YOKOSUKA, Japan – A Navy C-2A Greyhound plane that crashed while enroute to the USS Ronald Reagan in November has been located in the Philippine Sea.
Three Sailors were killed in the crash, while eight others were rescued.
The Navy’s Supervisor of Salvage and Diving (SUPSALV) deployed a team to Japan in December to embark on a contracted salvage vessel and went out to the crash site at sea.
They then searched for the aircraft’s emergency relocation pinger with a Navy-owned towed pinger locator system. It uses passive sensors to “listen” for the pinger’s frequency.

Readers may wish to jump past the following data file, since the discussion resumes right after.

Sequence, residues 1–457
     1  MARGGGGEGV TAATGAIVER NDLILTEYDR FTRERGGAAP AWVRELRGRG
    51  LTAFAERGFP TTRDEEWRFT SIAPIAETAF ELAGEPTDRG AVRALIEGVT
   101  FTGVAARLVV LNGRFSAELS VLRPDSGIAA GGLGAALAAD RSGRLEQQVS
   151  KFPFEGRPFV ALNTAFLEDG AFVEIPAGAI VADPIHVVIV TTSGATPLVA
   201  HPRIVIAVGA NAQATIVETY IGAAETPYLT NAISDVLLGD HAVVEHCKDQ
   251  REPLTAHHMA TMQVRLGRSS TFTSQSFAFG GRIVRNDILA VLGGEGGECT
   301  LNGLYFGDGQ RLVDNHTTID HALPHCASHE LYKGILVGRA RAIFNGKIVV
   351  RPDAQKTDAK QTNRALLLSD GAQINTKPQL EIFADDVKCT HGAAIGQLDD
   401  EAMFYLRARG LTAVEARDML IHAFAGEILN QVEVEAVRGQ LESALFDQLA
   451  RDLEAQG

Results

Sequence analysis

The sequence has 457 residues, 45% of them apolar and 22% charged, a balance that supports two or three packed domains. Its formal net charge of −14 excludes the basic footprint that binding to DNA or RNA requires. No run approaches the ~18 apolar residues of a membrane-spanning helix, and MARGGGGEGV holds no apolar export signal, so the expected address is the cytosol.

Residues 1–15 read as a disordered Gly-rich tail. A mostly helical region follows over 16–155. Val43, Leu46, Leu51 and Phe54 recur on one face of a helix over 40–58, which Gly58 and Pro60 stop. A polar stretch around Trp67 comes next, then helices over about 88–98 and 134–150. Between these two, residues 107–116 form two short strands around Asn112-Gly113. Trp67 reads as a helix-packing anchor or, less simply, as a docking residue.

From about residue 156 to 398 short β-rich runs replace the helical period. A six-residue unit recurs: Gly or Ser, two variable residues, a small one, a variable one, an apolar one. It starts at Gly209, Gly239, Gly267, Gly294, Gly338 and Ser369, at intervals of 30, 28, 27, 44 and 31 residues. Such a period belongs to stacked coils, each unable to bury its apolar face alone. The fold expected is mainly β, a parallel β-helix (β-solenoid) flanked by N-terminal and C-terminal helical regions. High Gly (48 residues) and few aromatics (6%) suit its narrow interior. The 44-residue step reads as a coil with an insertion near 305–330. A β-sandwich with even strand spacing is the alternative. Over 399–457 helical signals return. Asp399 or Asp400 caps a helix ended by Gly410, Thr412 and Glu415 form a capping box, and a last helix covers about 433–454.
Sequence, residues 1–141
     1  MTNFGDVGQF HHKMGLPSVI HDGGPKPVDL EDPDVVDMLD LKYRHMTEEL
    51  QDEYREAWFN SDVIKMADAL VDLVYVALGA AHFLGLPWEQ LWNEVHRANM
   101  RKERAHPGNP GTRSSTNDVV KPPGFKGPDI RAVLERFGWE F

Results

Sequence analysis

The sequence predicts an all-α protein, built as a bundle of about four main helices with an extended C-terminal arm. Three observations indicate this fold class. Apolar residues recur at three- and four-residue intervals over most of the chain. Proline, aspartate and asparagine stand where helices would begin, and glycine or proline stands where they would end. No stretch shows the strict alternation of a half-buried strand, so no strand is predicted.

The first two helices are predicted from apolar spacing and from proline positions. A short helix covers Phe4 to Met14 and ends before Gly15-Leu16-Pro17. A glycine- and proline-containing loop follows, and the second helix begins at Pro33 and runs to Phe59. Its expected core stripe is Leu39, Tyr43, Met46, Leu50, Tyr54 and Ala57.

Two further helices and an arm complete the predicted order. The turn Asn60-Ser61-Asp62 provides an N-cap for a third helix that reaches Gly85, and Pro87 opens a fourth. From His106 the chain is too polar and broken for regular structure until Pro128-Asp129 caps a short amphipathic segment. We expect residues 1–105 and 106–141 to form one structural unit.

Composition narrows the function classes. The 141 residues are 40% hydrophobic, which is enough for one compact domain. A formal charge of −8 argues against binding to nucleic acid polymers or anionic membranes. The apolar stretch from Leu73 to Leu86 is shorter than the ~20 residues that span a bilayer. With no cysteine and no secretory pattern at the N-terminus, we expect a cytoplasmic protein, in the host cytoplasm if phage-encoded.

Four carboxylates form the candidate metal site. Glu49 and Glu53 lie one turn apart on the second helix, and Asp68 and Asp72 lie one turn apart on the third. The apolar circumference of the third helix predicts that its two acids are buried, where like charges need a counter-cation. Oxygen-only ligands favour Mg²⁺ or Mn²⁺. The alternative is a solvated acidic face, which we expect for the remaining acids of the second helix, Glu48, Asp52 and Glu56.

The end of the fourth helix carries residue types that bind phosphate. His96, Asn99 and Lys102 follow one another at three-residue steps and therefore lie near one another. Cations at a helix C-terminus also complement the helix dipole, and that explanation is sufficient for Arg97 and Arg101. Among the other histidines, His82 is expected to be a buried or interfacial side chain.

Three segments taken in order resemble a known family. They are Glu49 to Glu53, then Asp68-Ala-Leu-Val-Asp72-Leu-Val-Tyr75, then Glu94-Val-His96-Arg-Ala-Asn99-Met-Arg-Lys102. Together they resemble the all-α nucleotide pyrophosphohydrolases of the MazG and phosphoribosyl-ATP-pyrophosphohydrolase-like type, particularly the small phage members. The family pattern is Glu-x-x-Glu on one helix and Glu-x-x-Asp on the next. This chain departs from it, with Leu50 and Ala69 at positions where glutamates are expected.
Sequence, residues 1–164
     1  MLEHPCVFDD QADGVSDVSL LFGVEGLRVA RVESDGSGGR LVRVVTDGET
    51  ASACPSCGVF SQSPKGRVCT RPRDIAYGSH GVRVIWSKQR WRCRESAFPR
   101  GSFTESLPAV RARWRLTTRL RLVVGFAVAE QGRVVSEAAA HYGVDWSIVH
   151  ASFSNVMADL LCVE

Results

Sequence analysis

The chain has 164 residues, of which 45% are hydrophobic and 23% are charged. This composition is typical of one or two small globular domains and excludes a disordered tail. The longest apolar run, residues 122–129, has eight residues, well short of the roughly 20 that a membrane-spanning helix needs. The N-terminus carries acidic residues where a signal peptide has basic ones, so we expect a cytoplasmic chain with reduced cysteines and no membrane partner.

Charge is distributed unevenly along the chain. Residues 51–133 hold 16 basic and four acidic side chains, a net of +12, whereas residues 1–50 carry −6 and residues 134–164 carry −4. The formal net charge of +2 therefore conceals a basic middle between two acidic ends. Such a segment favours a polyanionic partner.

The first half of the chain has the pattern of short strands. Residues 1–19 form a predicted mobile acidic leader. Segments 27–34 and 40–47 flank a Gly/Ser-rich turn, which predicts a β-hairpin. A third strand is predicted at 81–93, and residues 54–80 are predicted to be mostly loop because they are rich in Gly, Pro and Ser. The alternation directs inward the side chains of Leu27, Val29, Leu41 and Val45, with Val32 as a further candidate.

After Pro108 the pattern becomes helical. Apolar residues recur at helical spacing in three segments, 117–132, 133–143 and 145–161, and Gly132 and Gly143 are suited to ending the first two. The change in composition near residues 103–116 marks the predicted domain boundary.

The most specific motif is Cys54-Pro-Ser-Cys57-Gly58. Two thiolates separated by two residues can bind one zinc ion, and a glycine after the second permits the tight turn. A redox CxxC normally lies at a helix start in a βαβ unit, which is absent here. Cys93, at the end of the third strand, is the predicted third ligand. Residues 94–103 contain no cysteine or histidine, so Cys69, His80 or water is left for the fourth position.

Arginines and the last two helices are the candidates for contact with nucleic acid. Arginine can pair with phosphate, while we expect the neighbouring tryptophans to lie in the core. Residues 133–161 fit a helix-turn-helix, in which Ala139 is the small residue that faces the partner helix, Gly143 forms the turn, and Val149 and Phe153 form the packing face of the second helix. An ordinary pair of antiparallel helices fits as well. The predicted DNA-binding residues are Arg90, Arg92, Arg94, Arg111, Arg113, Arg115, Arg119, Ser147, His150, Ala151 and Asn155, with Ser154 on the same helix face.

Initially delayed by poor weather conditions, the team found the aircraft on December 29th and after marking the aircraft’s location, the search team returned to port.
The C-2A is resting at a depth of about 18,500 feet, making the salvage phase of the operation the deepest recovery attempt of an aircraft ever.
In the coming weeks, the team is expected to return to the site with a side-scan-sonar (SSS) and remote operated vehicle (ROV) to map the debris field and attach heavy lines for lifting the aircraft to the surface.
In a statement, the Navy says despite very challenging conditions, every effort will be made to recover the aircraft and the fallen Sailors.
An investigation into what caused the crash is ongoing.